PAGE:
Siiquent had figured out how to provide these consumables for a bit less than the fixed reimbursements the hospitals and labs got from insurers and the national health service, so it was able to position itself as a revenue generator for the hospitals. Customers also loved the company’s high level of maintenance, which minimized downtime. Siiquent also won business by providing a valuable free service: Its customers were bound by an exacting regulatory framework that required them to follow specific procedures and use specific compounds, and Siiquent helped them dot every “i” and cross every “t.”

In fact, Siiquent prided itself on constantly seeking input from customers and adjusting to their wishes. When they complained about the inefficiency of opening a whole bottle of reagent to run a single test with a very small quantity and then having to throw the rest away, the company offered to let them pay by the number of tests performed and committed to providing whatever reagents and equipment they needed to conduct the tests.

Teomik’s path was different. It had been selling biological research equipment and materials for a half-century, so when it acquired patents on gene-based scientific technologies, in the early 2000s, it continued to focus on the research market. Since there were numerous providers of compounds to these customers and few regulatory restrictions, it had to compete on price, and margins were slim. But the Max Planck Institutes and other big funders of genetic research didn’t balk at high instrument prices, so Teomik was able to earn fat margins on patent-protected devices that helped scientists do their genomics studies and aim for glory in prestigious scientific journals. Although Teomik didn’t need to offer its customers regulatory assistance, it provided expert support when things went wrong along with free advice on a wide range of topics.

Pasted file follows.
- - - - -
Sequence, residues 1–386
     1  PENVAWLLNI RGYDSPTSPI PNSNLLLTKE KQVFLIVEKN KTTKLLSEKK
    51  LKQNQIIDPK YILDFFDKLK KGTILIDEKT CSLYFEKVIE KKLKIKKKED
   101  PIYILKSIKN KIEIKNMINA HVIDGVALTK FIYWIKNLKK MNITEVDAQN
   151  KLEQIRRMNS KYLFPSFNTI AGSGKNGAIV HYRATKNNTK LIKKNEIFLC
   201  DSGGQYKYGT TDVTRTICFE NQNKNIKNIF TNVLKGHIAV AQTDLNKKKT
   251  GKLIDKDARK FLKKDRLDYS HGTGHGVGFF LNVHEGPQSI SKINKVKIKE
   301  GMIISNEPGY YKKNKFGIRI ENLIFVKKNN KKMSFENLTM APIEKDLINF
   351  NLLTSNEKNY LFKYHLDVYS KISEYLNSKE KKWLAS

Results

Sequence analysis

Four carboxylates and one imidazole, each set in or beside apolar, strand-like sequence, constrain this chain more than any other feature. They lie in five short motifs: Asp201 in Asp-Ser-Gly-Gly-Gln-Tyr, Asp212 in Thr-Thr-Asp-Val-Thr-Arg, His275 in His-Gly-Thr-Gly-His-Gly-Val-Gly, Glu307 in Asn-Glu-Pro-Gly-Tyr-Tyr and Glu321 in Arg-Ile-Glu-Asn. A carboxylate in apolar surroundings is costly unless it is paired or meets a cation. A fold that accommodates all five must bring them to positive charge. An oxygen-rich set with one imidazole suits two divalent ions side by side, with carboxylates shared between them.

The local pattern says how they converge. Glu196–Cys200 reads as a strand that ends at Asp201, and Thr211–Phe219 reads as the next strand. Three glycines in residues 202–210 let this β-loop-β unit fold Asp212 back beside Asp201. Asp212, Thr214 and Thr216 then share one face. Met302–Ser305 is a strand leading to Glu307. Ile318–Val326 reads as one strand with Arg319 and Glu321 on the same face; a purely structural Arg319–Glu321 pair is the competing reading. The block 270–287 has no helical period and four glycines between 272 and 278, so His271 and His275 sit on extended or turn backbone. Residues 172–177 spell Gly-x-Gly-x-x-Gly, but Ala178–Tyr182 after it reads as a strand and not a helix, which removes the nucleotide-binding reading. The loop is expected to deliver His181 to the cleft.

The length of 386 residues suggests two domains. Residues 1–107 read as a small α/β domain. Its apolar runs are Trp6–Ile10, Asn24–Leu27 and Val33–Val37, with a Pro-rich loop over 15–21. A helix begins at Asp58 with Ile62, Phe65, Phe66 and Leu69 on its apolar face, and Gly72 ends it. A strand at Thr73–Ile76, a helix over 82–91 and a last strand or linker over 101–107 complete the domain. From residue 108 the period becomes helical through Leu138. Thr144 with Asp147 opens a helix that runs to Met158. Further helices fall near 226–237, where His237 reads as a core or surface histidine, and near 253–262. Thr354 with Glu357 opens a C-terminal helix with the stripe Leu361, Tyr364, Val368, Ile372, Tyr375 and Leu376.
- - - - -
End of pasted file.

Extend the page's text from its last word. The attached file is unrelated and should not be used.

Thus, as Isolde said, Siiquent earned its profits on stuff, and Teomik earned its profits on machines, while neither made money from the extensive customer service it provided.

Both companies had been attractive acquisition targets for Scherr. But after their patents expired and the competition became heated, the idea of merging them made sense: Consolidating their sales forces and operations would reduce costs. There was another factor, too: The line separating the two units’ markets had grown fuzzy. Some of the diagnostic labs in Siiquent’s niche had begun functioning like the research institutions in Teomik’s, investing heavily in their own research to create specialized tests. The labs’ new research push allowed them to get around some health-care-related regulatory restrictions and buy compounds from Teomik — at prices lower than what Siiquent had been offering. They got a helping hand from Teomik’s salespeople, who took a certain pride in undercutting Siiquent, seeing it as an internal competitor.